Annamaria Maciocia

Professor Annamaria Maciocia leads the Paralegal Program at Marist. From start to finish, she advises Pre-law students as they work toward a Paralegal Certificate. Along with this responsibility, she continues to practice law and serve as a local town justice. 

What is one thing you want prospective students to know about you?

That I enjoy being a faculty member at Marist more than any other professional experience I’ve had. Marist students are very engaging. They are very curious and in so many ways it is very rewarding to teach and advise students who are here really to bring change to the world. Our students are so interested in being the agents of change and I think it is very apparent in the classroom. Being around students with these ideals is extremely rewarding. 

Can you describe your law career?

I have been in private practice since 1992 and most of my caseload has involved transactional lawyering. I have also served as a town justice for the town of Plattekill since 1996. I have been elected back for consecutive four-year terms. As a town justice, I find that helping the people who appear before the town court to understand the law and presiding over cases is a rewarding civic engagement to have. 

How have you been able to bring this experience to the classroom?

I think that working in law as an attorney and a judge gives me a very front row seat to what the legal environment is like, in the practice of law and in the adjudication of cases. I think it’s important to bring a dose of reality into the academic setting.

How will students benefit from graduating with a Paralegal Certificate?

There are several ways. First, it gives them the opportunity to enter this incredible career. It mixes and matches with every major that is available and helps to open a door that would not otherwise be there for that student. I also think that it provides them with an excellent foundation for the further study of law if they want to do that. Finally, I think that so many times, as individuals, we need to understand the law in terms of better understanding whatever job that we do. I think that it makes you more productive if you go off into any field having an understanding of how law and regulation interphases with what you do.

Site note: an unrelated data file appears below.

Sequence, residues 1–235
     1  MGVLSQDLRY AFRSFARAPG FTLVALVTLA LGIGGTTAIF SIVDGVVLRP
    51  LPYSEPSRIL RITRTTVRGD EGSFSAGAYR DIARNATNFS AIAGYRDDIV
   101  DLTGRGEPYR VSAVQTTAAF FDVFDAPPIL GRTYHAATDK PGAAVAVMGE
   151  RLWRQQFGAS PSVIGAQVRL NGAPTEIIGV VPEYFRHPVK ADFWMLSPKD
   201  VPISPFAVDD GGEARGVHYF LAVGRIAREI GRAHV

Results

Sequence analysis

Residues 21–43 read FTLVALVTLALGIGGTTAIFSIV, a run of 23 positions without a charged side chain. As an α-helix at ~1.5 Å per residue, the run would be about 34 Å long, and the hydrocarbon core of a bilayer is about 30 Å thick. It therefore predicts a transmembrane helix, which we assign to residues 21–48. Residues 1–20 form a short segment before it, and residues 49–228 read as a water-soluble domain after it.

Why should students take a law class even if they aren’t in the Paralegal Program?

Understanding law brings vital skills to any career. And I think employers are really looking for people who can demonstrate that they are well prepared to handle the challenges of the various fields. Coming along with a certificate certainly demonstrates that you have this anchor to a whole other discipline. It helps you to be a better decision maker.

What do you do to prepare students for the real world?

In the classroom, we like to make sure that there is a solid emphasis on those skills that are necessary for success in the real world. Obviously, at the core of everything that goes on students need to be engaged in reading, in thinking, and in writing, Then, I think that in the paralegal profession we also try to go beyond, helping students to make real connections with the work product that a paralegal would be involved in. So, through the various structure of assignments, we try to give students a very realistic view of what it's like to create legal documents.

How did you get involved in law as a student?

From the time I was in high school, I knew that I enjoyed helping people to resolve conflict. For me, law was a natural path to follow for that. I think that sometimes our problems are so blown out of proportion by people not understanding and not being able to verbalize their circumstances. It’s important to be a voice for people that would not otherwise be able to make their point. It’s important to be the individual who can see through the conflict and create a path towards some type of resolution to bring the parties to a consensus. 

What is the one thing you hope students take away from your class?

I hope they genuinely develop a respect for the rule of law. By that, I mean a respect for making it, enforcing it, applying it and, most of all, respect for changing it. An appreciation of how law operates and how the law is so fundamental to our society.

Written by Sarah Gabrielli '18

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Profile Tags:

Profile Type: Faculty
Academic School: Liberal Arts
Campus: New York